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Totally agree with Spence. The reason for this is:

1. Excessive details in D&D style adventures make the adevnture more colorful, give the villain a more understandable motivation, there is more to see and interact with for the players: And if push comes to shove (as it will) - solve the problem with spell and steel!

2. In investigative scenarios, who are by definition full of details because teh players try to solve a horror or murder mistery, you get even more details on all the details on top of everything. And in the end you have a group of players that can't see the vampire becaus eof all the bats around - no resolution, only confusion is the end.

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I also agree with Spence.  In my  experience just what makes a good adventure can vary quite a  bit depending on the actual  adventure and players.  Sometimes more freeform adventures work out better than carefully  plotted ones. Horror adventures in generally tend to be more successful in non-horror RPGs than in horror RPGs, as in a horror RPG the players come of expect the weird and supernatual take stuff more matter of factly than in a non-horror RPG . 


I'm also not a fan  of the overly descriptive D&D  style. In many cases I find such descriptions to by hammy attempts at story telling  and mood setting, but usually inappropriate under the circumstances. For instance a three paragraph description of a room, right down to the wallpaper, despite the  all the mon sters that would have attracted the PCs attention and taken thier minds off of the decor.

Chaos stalks my world, but she's a big girl and can take of herself.

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On 12/3/2019 at 4:34 PM, JaredS113 said:

What makes a good Cthulhu Mythos scenario?

For me, adding the Mythos to anything has never improved that thing.


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Simon Phipp - Caldmore Chameleon - Wallowing in my elitism since 1982. Many Systems, One Family. Just a fanboy. 


Jonstown Compendium author. Find my contributions here

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When I run a scenario, I don't want my players to immediately guess what they're dealing with. Ideally, they should be mystified, worried, and maybe confused.  I do want them to figure out what's going on somewhere in the middle of the action, and I definitely don't want the scenario to gratuituously swap one monster into the natural niche of another without foreshadowing that the players' metagame preconceptions may be wrong.  As an example, suppose that the investigators are looking into strange disturbances at an old cemetary.  The players (not necessarily the investigators) may very well expect ghouls to be involved.  If it turns out that the issues were caused by a pod of cthonians burrowing around underneath the place, I expect some clues will give the players a hint of what they're truly facing, even if the clues don't give away the whole show.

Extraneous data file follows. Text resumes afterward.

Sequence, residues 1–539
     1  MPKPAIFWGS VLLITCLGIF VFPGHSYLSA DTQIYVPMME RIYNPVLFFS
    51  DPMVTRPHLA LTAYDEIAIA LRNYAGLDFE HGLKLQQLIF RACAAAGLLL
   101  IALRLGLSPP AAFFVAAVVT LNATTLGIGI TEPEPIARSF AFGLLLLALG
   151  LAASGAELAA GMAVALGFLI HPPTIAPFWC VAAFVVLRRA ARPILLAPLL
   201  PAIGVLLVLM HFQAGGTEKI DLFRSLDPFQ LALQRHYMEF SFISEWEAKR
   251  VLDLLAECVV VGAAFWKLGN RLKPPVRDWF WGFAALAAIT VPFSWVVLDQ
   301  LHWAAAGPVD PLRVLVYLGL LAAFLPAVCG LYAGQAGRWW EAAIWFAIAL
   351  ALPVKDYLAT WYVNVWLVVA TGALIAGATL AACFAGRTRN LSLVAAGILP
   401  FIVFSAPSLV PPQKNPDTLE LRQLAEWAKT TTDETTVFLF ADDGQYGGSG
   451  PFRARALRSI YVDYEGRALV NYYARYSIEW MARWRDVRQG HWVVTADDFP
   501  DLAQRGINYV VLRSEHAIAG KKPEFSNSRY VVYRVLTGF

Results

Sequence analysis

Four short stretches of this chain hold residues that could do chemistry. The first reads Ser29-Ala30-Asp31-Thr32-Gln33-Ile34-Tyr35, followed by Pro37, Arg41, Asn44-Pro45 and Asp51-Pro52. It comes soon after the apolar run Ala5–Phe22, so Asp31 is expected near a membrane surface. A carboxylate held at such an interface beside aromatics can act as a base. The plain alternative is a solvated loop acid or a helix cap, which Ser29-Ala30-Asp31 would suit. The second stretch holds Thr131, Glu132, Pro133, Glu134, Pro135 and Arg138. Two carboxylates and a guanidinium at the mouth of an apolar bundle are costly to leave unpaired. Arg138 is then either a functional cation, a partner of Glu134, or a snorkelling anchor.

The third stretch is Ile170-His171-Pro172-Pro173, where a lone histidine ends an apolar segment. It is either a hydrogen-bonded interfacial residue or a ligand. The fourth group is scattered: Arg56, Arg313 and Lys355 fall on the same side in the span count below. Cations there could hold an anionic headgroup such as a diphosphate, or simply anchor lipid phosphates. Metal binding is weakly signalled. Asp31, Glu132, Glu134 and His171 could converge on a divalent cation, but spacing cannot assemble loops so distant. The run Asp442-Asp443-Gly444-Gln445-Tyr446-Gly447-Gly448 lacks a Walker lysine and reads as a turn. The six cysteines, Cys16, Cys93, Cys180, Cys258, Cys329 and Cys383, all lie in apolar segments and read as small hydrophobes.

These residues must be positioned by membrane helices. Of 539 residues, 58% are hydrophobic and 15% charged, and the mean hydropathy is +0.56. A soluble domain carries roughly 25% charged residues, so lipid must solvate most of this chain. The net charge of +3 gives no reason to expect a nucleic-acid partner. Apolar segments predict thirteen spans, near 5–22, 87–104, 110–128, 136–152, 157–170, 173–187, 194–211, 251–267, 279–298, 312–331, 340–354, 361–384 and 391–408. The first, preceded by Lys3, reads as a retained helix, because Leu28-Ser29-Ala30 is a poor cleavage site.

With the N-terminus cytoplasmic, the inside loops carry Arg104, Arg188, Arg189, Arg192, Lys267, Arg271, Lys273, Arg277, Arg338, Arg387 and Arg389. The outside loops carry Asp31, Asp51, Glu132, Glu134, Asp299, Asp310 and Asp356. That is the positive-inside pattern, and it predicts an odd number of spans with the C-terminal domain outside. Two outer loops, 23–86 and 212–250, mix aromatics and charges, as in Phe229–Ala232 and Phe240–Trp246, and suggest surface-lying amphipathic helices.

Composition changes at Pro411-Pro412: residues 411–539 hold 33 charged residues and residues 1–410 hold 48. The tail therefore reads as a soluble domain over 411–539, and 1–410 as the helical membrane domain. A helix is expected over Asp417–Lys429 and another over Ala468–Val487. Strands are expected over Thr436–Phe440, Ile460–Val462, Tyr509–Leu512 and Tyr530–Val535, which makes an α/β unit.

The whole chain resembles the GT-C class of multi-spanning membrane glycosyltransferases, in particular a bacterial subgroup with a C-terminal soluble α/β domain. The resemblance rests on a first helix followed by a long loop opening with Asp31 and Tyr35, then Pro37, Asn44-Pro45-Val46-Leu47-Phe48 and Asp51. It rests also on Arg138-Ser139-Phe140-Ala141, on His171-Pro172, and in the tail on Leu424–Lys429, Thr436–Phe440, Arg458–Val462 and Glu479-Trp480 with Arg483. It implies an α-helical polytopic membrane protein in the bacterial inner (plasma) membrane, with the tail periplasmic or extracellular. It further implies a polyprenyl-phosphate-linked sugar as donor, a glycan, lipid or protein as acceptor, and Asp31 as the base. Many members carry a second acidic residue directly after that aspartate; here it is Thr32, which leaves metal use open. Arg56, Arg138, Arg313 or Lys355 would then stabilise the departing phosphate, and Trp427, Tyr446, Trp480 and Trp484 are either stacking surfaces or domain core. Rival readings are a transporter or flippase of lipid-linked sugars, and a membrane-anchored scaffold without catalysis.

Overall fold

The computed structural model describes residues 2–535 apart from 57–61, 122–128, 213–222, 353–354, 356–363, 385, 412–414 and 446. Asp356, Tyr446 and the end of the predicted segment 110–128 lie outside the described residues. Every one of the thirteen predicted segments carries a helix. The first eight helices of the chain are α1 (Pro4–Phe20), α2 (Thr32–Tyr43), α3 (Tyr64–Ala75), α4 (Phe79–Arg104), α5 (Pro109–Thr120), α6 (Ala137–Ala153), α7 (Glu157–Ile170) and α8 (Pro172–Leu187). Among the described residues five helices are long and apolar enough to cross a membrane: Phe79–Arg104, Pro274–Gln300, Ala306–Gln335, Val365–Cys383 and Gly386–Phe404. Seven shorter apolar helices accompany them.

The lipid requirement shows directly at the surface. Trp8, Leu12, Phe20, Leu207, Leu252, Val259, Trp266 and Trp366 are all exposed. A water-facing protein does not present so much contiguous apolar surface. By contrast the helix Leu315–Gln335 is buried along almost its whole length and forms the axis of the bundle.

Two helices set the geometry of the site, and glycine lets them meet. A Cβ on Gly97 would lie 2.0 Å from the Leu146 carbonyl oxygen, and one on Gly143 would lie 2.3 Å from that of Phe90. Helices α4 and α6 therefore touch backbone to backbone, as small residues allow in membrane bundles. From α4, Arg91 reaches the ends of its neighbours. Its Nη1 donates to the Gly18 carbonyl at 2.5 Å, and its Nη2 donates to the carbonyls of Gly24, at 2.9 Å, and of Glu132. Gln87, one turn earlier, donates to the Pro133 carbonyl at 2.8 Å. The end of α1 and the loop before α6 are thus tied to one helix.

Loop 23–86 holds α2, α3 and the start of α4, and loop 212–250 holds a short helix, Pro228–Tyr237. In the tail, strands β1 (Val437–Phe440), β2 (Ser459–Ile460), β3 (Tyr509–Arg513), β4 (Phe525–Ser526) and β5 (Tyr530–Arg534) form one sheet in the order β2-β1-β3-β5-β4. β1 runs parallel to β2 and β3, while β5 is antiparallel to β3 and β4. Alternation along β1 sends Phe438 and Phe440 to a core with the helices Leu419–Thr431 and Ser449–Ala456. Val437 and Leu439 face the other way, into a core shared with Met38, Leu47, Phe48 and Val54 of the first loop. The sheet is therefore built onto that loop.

I also like to see enough "Scooby Doo" shenanigans to keep them honest:  They might go in expcting ghouls, and instead discover that thieves are trying to tunnel into a bank vault next to the cemetary.  A scenaro like that should have some other twists:  Perhaps the thieves are trying to get into something less cliched than a bank vault, and perhaps they want a payoff that isn't as simple as the bank's contents...  If something is the first thing you think of, it's better to put something else into your scenario..

Not every cult is Cthulhoid, and not every town has a cult.  Not everyone who suspects the truth is a cultist, and not every cultist is a fanatic.

Edited by Sir Wulf
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Uncanny valley. Cthulhu wasn't scary because he was huge and had lots of tentacles, Cthulhu was scary because of the effect he had on our fellow humans - he made them something other than human. They still looked human, but they were different to us, unpredictable, alien.

If there's a monster out there, humans have been banding together against the dark since before we were human. But what if you can't trust your friends? What if the alien horror might already be amongst you, hiding behind the face of a friend, just waiting until you are isolated, alone and vulnerable?